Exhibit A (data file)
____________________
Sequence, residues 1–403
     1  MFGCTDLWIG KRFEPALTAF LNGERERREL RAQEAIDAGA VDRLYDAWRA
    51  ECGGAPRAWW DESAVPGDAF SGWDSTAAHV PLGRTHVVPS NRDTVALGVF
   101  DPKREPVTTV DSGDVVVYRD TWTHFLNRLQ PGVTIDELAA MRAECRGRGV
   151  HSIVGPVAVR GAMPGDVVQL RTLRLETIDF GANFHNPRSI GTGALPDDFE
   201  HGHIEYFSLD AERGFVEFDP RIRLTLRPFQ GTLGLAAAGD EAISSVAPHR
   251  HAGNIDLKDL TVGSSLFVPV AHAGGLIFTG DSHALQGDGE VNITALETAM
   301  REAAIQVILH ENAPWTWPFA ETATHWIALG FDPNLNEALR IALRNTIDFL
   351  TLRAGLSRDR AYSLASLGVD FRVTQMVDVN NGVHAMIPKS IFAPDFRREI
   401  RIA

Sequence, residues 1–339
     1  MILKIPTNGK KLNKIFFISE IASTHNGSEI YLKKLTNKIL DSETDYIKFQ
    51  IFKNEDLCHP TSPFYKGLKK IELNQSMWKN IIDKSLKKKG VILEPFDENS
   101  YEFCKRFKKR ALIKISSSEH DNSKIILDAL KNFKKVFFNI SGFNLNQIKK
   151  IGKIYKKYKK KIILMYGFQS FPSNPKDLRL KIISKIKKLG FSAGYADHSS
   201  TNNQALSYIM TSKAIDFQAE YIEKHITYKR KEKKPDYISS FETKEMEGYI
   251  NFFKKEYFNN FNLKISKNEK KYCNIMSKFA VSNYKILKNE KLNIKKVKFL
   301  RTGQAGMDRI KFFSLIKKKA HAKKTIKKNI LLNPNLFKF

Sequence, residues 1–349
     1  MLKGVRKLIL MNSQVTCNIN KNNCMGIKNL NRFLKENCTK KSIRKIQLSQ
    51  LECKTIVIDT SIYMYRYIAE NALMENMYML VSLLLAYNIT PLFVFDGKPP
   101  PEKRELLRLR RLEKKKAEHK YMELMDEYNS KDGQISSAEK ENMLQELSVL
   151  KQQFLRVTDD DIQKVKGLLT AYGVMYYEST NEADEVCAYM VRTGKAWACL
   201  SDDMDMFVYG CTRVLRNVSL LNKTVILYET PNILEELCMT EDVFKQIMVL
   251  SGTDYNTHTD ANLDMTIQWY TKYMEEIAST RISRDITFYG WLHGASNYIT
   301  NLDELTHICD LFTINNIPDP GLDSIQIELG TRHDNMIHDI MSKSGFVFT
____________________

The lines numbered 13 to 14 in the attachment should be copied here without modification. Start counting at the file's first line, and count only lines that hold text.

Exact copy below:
    51  IFKNEDLCHP TSPFYKGLKK IELNQSMWKN IIDKSLKKKG VILEPFDENS
   101  YEFCKRFKKR ALIKISSSEH DNSKIILDAL KNFKKVFFNI SGFNLNQIKK